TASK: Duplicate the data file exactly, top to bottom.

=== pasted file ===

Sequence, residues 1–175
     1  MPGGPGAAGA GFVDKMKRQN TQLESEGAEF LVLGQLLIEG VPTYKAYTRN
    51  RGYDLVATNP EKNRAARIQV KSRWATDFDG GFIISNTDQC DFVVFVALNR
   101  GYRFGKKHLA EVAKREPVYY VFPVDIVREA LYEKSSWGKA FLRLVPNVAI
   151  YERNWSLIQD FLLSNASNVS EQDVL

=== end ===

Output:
Sequence, residues 1–175
     1  MPGGPGAAGA GFVDKMKRQN TQLESEGAEF LVLGQLLIEG VPTYKAYTRN
    51  RGYDLVATNP EKNRAARIQV KSRWATDFDG GFIISNTDQC DFVVFVALNR
   101  GYRFGKKHLA EVAKREPVYY VFPVDIVREA LYEKSSWGKA FLRLVPNVAI
   151  YERNWSLIQD FLLSNASNVS EQDVL